Category Archives: Art

Lit Fans Bid U Adieu

The Abbeville blog has MOVED! You can now read this post here.

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Secretary of the Arts Petition

The Abbeville blog has MOVED! You can now read this post here.

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New Feature: “Dear Abbeville”

Not long ago, reader Julie Weathers suggested a new addition to the Manual of Style: a Q&A column called “Dear Abbeville.” Touched by her faith in the multifarious expertise we claim to have, we couldn’t let her down; besides, the pun on “Dear Abby” was too good to resist. As of today the column is an official feature, so we are soliciting questions from you, our readers, on the following topics:

  • Art (including painting, sculpture, architecture, and design)
  • Books and Literature (both old and new)
  • Publishing (the nuts and bolts of the business, the state of the industry, etc.)
  • Editing and Language (grammar, punctuation, diction, usage, spelling)
  • New York City (New York City)
  • Style (e.g., travel, luxury, wine—whatever this may mean to you)
  • The Universe

Please restrict questions to those that cannot be better answered via our FAQ page or a simple Web search. Blatantly self-serving questions (e.g., “In your opinion, how stylish is my personal website, www.monkeysuncle.org?”) will be summarily dismissed. Beyond that, anything is fair game, so fire away! All questions should be submitted to the email address given on our Contact page, or via the Comments form. Disclaimer: accurate, useful, or even serious answers are not guaranteed. Not all questions submitted will be answered. Not all questions answered will be published. That said, we will do our level best on all of these counts. Except for the “serious” part.

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Andrew Wyeth R.I.P.

christinas-world

Christina’s World, Museum of Modern Art, New York. Courtesy Wikipedia.

As everyone will have heard by now, Andrew Wyeth has died at the ripe old age of 91. We wanted to take a moment to remember him—and of course, to weigh in on his legacy, since as his Times obituary duly noted, his work was both extremely popular and highly controversial.

Wyeth touched a nerve in the midcentury art world for a few simple reasons: he was a realist painter; he had a public; his most famous work—Christina’s World—was accepted into the Museum of Modern Art in 1948, a provocative choice at the time. His detractors saw him as a reactionary, a purveyor of clichés, and (to quote E. B. White on critical slights against Thoreau) a kind of glorified Nature Boy. Others saw darker shades and deeper mysteries beneath the technically flawless surface. His son, Jamie, compared Wyeth’s paintings to Robert Frost’s poems: “At one level, it’s all snowy woods and stone walls. At another, it’s terrifying. He exists at both levels. He is a very odd painter.”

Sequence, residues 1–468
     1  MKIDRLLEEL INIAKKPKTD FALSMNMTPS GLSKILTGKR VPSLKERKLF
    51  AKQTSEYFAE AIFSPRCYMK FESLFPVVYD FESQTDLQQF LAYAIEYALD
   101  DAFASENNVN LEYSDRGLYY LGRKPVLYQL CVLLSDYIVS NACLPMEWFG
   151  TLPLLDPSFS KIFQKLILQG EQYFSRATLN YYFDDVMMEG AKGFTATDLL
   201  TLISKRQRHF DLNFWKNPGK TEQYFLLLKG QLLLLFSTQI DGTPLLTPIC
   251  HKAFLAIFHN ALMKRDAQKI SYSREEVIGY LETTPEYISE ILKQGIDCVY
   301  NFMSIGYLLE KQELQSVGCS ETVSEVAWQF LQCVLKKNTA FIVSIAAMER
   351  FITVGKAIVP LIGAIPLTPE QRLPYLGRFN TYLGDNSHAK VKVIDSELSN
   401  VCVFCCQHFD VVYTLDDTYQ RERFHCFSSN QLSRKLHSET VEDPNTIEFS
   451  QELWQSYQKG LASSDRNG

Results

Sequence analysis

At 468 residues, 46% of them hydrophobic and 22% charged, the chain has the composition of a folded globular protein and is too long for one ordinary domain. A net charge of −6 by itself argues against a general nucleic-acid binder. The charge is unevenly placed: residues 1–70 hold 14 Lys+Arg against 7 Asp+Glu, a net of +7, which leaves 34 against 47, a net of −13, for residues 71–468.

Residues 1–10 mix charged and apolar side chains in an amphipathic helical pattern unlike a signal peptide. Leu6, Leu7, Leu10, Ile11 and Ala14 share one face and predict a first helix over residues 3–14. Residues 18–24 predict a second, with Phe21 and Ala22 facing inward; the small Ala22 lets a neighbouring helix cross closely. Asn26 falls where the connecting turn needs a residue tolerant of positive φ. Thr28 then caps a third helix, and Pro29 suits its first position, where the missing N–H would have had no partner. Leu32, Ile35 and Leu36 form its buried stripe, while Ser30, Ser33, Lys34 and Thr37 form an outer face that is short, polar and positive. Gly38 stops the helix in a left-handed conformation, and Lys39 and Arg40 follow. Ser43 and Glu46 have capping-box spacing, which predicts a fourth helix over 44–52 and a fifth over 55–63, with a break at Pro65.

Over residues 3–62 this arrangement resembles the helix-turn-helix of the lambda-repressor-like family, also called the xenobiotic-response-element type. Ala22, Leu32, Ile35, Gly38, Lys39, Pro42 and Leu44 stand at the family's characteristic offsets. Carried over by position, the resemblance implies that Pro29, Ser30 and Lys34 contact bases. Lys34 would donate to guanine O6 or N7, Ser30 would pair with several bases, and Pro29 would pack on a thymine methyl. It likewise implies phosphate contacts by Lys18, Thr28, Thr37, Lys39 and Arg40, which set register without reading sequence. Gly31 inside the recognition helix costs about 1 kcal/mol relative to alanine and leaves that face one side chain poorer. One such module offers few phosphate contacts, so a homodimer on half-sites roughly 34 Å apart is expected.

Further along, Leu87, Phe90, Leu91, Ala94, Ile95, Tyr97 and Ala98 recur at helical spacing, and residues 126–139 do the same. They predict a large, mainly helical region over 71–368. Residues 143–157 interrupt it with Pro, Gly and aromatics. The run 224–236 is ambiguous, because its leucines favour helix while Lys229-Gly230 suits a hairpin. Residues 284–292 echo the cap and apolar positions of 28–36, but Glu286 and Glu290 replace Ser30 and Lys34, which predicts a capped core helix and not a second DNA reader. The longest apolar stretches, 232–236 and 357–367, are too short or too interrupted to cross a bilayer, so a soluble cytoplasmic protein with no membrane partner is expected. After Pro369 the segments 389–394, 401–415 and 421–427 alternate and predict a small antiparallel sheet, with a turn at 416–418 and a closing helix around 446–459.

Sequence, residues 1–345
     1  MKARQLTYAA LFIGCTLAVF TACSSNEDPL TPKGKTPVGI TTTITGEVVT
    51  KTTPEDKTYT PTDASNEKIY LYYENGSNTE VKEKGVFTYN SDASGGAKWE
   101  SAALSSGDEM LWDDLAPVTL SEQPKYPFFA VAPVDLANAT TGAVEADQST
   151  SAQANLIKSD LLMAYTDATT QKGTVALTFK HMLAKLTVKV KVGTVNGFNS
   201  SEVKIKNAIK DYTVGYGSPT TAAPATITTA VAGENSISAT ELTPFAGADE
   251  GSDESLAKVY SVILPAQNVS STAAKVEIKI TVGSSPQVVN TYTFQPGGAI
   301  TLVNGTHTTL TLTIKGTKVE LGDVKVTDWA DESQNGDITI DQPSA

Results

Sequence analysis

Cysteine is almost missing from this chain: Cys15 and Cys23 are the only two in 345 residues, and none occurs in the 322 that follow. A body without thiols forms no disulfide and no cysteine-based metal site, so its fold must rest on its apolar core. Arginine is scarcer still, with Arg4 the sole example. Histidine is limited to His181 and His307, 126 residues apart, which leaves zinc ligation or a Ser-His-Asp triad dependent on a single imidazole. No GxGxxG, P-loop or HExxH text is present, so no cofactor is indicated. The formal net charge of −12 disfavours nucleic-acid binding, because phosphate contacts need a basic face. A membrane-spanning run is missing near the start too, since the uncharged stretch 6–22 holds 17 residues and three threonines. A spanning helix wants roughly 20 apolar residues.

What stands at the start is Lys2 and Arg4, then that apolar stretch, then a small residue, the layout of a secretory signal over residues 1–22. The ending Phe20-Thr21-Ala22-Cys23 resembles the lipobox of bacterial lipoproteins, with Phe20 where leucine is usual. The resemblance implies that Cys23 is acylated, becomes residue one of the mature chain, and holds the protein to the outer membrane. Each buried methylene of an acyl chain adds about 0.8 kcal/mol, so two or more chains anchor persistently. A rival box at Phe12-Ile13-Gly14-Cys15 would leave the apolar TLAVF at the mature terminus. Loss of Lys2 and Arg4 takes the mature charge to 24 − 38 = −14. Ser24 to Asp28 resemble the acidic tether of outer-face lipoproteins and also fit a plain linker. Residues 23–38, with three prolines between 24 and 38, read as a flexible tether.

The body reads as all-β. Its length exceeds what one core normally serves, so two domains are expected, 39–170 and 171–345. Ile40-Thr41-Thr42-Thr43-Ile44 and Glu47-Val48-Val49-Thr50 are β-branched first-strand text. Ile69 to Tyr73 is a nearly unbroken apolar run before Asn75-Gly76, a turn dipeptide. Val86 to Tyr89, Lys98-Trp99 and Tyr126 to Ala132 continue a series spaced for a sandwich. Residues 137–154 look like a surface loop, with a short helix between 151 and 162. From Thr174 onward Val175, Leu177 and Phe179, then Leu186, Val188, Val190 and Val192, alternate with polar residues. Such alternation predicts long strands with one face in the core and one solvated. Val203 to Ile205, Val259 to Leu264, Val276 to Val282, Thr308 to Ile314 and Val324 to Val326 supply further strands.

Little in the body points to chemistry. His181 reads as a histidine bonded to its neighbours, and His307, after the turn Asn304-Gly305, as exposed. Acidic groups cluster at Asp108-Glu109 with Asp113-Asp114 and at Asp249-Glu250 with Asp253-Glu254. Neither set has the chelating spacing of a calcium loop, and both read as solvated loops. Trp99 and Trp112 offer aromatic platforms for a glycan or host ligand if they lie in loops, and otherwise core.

The comparison is precise and apt. Frost, too, was dismissed by many as a regionalist hack, until skillful readers and critics realized that poems like “The Most of It” and “Directive” were complex, powerful, universal—and indeed, terrifying in a peculiarly modern way. Now that the art-world politics of fifty years ago are a relic and, as the Times summarized, “the traditional 20th century distinction between abstraction and avant-gardism on the one hand and realism and conservatism on the other came to seem woefully inadequate and false,” we can assess Wyeth’s work, too, on its own terms without polemicizing about genre. To be a realist is not necessarily to be a literalist; to use an old-fashioned idiom is not necessarily to lack new ideas. Christina’s World is also Wyeth’s world distilled: isolated, alien, disturbing, fraught with an inexplicable cruelty that must be struggled against grimly. Why, sort of like the modern world!

In terms of technique, too, Wyeth was no complacent greeting-card realist. Says the Times: “The public seemed to focus less on [Christina’s World‘s] gothic and morose quality and more on the way Wyeth painted each blade of grass, a mechanical and unremarkable kind of realism…” Yet the unwashed masses may have been on to something that the Times and many critics overlook. Wyeth’s obsessive fidelity to textures and surfaces often heightened reality almost to the point of abstraction. In Black Velvet, his portrait of a nude Helga Testorf reclining on the titular fabric, the minutely-observed velvet looks somehow softer and sleeker than the real thing—and far stranger than abstraction could have rendered it. The composition, too, has a beautifully abstract quality: the nude seems at first to be hovering in empty space until the viewer looks closer and marvels at how rich that space really is.

Finally, speaking of Helga Testorf: Wyeth’s having painted his neighbor for years unbeknownst to his wife—and possibly having slept with her—and making boatloads of money off the revelation either way—is the kind of bona fide scandal the art world could really use these days. We have a soft spot for that kind of juicy hoopla, as well as for real-life artist-muse relationships (cf. D. G. Rossetti and Jane Burden, or if you prefer, D. G. Rossetti and his pet wombats). Lately the closest thing we’ve had to shocking art gossip is the second-rate Aliza Shvarts affair. Andrew Wyeth, we’ll miss you.

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Marginalia: BridgemanArt.com

 bridgeman

Some months ago we wrote about the party thrown at the Museum of Sex by the Bridgeman Art Library to celebrate the launch of their revamped website. This gave us an opportunity for plenty of puerile humor, but we never followed up afterward to let you know: how did the site turn out, anyway?

Very well, we are pleased to report; a tour of the new BridgemanArt.com has left us thoroughly satisfied with its handsome design and improved usability. The homepage is dominated by a large-scale slide show of images from the collection, all quite striking (the opening image was originally Collier’s Lady Godiva, as though in continuation of the “Sex in Art” theme of their party; we hope they’ll rotate that one back in at some point, as it made for a stirring first impression). The site is noticeably easier to navigate than its former incarnation, and the collection itself, as always, is superb. We think both will be of great practical use to authors and publishers looking to stock their books with beautiful and difficult-to-find old pictures; certainly we have turned to Bridgeman for numerous projects in the past, and will continue to do so.

Oh, and the article we wrote on the MoSex party, with its jokes about deer ménages à trois and dirty monkey videos? They found it—and liked it, enough so that they offered to mention it in their “News & Features” section. We’re flattered, but they should know this will only encourage us. On the other hand, maybe this means we’ll be invited as officially tolerated, lovable scalawags to all their future events?